Laser resurfacing treatments which ablate or remove skin are of two main types: fully or fractionally ablative (fractional). Fully ablative treatments are easy to visualize: the laser is used to treat the entire area of the face, often called "full-field" resurfacing. The more energy the laser light contains, the deeper into the skin it penetrates. Since the effect is top-down, there is no way to effect change in the deep layers without going through the superficial cells. As an extreme example, treating damage in the dermis requires removing the entire epidermal layer. A deep treatment like this can require the patient to spend 10-14 days under dressings or ointment and up to months of redness as the skin settles back down.
Newer treatments are based on the realization that a laser beam can be split (fractionated) into many tiny columns which can penetrate through the epidermis into the dermis, while leaving the majority of the surface intact. This allows healing to happen in days, rather than weeks or months. It also allows powerful treatment results to be achieved through several moderate treatment sessions instead of in one large procedure.
In fully ablative mode, resurfacing lasers allow the physician to change the depth of the treatment; in fractional mode, the physician can adjust both depth of each column, but also the density, or percentage of skin treated in each session.
A common point of confusion is the difference between fractional ablative or resurfacing treatments, the topic of this article, and a treatment called Fraxel. The two treatments are very different. Fraxel is a brand name for a non-ablative fractional laser treatment. That is, it stimulated columns of deeper skin but did not ablate or remove them. As a result, the improvement seen with these treatments was modest at best. Unfortunately many patients invested time, money and discomfort in a series of Fraxel treatments when this modality was first introduced. The majority of these patients were disappointed and now distrust anything that sounds like Fraxel, which simply didn't deliver. At Tahoe Medical Spa, we offer fractional ablative treatments NOT non-ablative Fraxel.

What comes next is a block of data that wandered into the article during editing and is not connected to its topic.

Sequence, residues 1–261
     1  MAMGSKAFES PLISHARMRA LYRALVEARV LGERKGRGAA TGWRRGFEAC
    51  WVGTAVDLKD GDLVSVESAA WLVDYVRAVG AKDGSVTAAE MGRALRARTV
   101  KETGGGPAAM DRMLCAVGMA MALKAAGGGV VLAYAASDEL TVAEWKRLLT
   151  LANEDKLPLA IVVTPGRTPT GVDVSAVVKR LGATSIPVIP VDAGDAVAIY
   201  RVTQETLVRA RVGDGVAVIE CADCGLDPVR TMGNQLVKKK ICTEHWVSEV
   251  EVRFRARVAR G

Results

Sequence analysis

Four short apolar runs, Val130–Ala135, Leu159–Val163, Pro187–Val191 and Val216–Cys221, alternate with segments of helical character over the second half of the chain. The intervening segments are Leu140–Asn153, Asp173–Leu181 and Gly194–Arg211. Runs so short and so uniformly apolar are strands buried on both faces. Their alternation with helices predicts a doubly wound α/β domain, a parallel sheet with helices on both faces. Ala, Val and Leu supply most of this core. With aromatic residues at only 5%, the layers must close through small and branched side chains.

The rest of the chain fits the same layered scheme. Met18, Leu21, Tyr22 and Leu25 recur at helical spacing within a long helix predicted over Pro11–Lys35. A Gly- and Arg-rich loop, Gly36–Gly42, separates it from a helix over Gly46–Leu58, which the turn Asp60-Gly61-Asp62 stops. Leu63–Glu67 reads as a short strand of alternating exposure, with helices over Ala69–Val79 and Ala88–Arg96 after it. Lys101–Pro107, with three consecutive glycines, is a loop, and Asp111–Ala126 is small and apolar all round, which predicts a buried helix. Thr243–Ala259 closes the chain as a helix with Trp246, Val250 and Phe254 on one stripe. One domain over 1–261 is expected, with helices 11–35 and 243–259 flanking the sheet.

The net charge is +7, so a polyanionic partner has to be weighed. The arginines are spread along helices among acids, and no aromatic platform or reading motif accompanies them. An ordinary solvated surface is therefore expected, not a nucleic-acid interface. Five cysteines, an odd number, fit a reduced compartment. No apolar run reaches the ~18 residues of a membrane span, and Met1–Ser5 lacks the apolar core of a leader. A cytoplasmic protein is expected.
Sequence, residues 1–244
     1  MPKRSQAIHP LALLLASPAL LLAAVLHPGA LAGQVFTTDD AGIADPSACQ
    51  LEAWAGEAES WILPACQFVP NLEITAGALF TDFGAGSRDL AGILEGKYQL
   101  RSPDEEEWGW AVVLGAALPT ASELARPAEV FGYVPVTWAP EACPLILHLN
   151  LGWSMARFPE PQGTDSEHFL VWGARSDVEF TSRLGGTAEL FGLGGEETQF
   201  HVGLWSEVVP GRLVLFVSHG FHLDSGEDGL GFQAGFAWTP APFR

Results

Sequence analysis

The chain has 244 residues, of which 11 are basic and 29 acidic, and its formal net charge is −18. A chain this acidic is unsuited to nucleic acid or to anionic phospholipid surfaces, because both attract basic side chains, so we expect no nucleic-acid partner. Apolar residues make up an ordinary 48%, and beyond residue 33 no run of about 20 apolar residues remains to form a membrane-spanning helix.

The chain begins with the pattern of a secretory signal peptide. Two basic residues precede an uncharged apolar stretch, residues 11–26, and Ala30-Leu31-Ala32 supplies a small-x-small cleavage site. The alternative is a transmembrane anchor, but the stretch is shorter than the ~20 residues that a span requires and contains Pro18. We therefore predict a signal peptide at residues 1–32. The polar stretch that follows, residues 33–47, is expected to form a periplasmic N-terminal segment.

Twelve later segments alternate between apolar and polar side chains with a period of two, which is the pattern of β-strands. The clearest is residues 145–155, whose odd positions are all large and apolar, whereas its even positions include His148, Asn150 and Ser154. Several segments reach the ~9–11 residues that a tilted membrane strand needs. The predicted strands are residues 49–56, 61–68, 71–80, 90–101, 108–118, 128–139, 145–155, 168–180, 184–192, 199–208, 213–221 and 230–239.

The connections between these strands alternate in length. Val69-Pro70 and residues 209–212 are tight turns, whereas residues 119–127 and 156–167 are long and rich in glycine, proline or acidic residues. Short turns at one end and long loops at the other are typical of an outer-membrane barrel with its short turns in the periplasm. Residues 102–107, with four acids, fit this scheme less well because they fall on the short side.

For most people, lasers are used for two main reasons: reduction of skin discoloration (age spots and sun damage), and tightening the skin.
Color irregularities are almost always located in the superficial layers of the skin, so the laser doesn't need to penetrate deeply. A shallow fully ablative treatment often gives wonderful results with minimal downtime. Fractional treatments will also remove pigment, but only in the percentage of skin which is treated - typically 5.5-22%, so that percentage of pigment will be removed in each session.
Tightening the skin requires penetrating deep into the skin, down into the dermal layer. Fractional laser treatments offer a way to treat down into the deeper layers without requiring too much downtime. This is especially valuable for problems such as scars (particularly acne scars) which often only affect a small percentage of the total surface area of the skin, but may be quite deep - sometimes over a millimeter (1000 microns). To reach these depths with full field resurfacing or a chemical peel would require a dangerously aggressive procedure - one with unacceptable risks and recovery. A series of fractional laser resurfacing treatments has been proven to be the safest and most effective way to treat acne scars.
Each treatment has its role and advantages. They can even be combined in one session: a superficial fully ablative treatment to remove brown spots and superficial lines and then fractional therapy which goes deeper around areas to treat deeper wrinkles or scars. The more modalities your physician has and is comfortable with, the easier to customize a unique treatment for you which will address your concerns and gain you an optimal result in the amount of downtime that fits into your schedule.